PART I, The Making of a Geochemist: Q&A with Andrew Stack
March 04, 2015 — Scientists who bridge disciplines often take research in new directions. Andrew Stack of the Department of Energy’s Oak Ridge National Laboratory calls on his expertise in geology, chemistry and computing to advance understanding of the dynamics of minerals underground.
Atomic trigger shatters mystery of how glass deforms
October 17, 2014 — Throw a rock through a window made of silica glass, and the brittle, insulating oxide pane shatters. But whack a golf ball with a club made of metallic glass—a resilient conductor that looks like metal—and the glass not only stays intact but also may drive the ball farther than conventional clubs. In light of this contrast, the nature of glass seems anything but clear.
Materials science matchmaker
September 25, 2014 — Scientific research may be the primary focus of the Department of Energy’s national laboratories, but for David Mandrus, the institutions play an equally important role in shaping the instruction and career paths of students.
September 16, 2014 — When Orlando Rios first started analyzing samples of carbon fibers made from a woody plant polymer known as lignin, he noticed something unusual. The material’s microstructure -- a mixture of perfectly spherical nanoscale crystallites distributed within a fibrous matrix -- looked almost too good to be true.
A Metallic Alloy That is Tough and Ductile at Cryogenic Temperatures
September 09, 2014 — A new concept in metallic alloy design – called “high‐entropy alloys” - has yielded a multiple-element material that not only tests out as one of the toughest on record, but, unlike most materials, the toughness as well as the strength and ductility of this alloy actually improves at cryogenic temperatures.
Materials Scientists Play Atomic ‘Jenga’ and Make a Surprising Discovery
August 28, 2014 — Researchers at the Department of Energy’s Oak Ridge National Laboratory got a surprise when they built a highly ordered lattice by layering thin films containing lanthanum, strontium, oxygen and iron. Although each layer had an intrinsically nonpolar (symmetric) distribution of electrical charges, the lattice had an asymmetric distribution of charges.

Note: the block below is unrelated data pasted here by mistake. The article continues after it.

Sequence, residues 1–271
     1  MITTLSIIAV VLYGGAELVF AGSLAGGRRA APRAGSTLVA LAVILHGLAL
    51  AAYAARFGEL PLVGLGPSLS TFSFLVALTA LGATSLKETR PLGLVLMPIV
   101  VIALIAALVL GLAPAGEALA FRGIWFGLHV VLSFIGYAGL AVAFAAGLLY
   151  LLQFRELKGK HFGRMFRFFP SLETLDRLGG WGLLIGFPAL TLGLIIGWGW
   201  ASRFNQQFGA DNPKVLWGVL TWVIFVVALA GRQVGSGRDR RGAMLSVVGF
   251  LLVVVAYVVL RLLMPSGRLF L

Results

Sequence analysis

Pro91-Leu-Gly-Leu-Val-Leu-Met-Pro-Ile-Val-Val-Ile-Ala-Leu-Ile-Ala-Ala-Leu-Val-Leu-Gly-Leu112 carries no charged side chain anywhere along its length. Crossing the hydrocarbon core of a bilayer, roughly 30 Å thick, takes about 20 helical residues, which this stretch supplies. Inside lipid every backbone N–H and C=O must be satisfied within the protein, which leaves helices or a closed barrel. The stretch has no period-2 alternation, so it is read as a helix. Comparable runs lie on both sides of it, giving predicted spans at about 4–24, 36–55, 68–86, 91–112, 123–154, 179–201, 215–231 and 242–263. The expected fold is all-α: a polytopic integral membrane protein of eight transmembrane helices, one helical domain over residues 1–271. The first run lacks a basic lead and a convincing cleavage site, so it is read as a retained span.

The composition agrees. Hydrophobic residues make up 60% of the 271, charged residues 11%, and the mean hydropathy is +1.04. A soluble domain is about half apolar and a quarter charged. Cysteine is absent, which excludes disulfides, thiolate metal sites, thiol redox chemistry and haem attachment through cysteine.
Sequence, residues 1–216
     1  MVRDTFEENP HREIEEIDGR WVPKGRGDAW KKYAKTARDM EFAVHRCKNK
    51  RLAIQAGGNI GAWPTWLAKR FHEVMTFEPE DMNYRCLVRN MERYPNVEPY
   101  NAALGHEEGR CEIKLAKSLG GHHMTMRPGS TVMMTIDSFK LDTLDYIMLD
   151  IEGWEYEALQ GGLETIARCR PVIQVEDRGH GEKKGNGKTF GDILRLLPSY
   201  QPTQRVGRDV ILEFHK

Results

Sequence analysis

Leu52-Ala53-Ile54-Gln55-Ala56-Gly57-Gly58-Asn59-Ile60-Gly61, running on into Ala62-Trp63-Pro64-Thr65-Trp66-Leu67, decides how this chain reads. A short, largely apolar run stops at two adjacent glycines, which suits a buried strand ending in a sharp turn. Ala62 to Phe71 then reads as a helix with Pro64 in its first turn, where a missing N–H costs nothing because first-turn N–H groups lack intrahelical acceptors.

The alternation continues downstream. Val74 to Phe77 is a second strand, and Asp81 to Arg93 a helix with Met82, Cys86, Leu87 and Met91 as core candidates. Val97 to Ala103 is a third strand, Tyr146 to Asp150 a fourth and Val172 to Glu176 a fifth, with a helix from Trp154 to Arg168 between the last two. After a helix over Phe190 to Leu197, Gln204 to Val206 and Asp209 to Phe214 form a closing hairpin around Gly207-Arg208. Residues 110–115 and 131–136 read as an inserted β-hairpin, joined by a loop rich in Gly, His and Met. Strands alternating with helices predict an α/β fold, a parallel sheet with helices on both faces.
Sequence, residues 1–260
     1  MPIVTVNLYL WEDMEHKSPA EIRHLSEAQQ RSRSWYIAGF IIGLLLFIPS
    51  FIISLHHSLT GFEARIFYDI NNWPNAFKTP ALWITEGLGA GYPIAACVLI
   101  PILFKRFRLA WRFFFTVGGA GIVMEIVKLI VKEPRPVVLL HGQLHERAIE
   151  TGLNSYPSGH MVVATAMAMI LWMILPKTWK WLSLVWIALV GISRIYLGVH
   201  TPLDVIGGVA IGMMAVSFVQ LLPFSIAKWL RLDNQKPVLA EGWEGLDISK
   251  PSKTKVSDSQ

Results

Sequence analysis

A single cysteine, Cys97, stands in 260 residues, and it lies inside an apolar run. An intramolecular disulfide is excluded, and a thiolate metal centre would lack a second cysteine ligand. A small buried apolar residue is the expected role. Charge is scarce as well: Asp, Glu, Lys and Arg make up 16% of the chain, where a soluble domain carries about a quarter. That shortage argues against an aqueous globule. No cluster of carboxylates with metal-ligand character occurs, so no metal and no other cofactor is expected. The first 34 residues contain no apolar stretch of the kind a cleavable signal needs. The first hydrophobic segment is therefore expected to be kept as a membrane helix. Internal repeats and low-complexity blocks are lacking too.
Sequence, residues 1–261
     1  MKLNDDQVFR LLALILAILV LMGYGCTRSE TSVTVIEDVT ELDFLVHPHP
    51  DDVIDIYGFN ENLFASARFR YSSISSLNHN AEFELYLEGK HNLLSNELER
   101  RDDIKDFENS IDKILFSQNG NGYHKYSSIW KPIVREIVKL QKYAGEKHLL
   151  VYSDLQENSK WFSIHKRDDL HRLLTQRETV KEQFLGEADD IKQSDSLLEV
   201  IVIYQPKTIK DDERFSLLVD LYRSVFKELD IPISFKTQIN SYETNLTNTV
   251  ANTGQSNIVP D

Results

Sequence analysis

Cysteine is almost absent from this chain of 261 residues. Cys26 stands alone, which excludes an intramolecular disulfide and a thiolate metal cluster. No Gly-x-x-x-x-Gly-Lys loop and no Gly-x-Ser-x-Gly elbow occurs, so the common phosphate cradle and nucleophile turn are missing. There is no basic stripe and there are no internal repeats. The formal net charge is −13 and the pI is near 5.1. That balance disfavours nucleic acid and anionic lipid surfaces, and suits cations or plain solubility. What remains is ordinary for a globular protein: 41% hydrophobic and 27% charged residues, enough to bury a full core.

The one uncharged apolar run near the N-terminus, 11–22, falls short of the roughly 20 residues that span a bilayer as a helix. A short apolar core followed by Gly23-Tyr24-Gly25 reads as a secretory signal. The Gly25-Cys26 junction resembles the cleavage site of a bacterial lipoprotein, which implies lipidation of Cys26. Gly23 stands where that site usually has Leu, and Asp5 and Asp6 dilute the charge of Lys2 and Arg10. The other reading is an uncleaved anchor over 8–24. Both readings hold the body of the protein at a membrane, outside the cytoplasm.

Scientists learn to control reactions with the shape of a rare-earth catalyst
August 27, 2014 — Scientists at the Department of Energy’s Oak Ridge National Laboratory have discovered they can control chemical reactions in a new way by creating different shapes of cerium oxide, a rare-earth-based catalyst. Their finding holds potential for refining fuels, decreasing vehicle emissions, producing commodity chemicals and advancing fuel cells and chemical sensors.
Scientists develop low-voltage water splitter that uses abundant materials
August 25, 2014 — In 2015, American consumers will finally be able to purchase fuel cell cars from Toyota and other manufacturers. Although touted as zero-emissions vehicles, most of the cars will run on hydrogen made from natural gas, a fossil fuel that contributes to global warming.
August 25, 2014 — If such a designation existed, Nazanin Bassiri-Gharb would be on the fast track to becoming an Oak Ridge National Laboratory “super user.
Catalytic Gold Nanoclusters Promise Rich Chemical Yields
August 22, 2014 — Old thinking was that gold, while good for jewelry, was not of much use for chemists because it is relatively nonreactive.